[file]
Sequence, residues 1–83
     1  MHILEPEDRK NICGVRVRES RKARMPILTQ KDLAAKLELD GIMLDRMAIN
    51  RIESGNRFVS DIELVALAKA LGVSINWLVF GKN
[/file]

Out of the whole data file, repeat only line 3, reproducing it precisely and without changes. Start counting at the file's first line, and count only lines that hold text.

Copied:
    51  RIESGNRFVS DIELVALAKA LGVSINWLVF GKN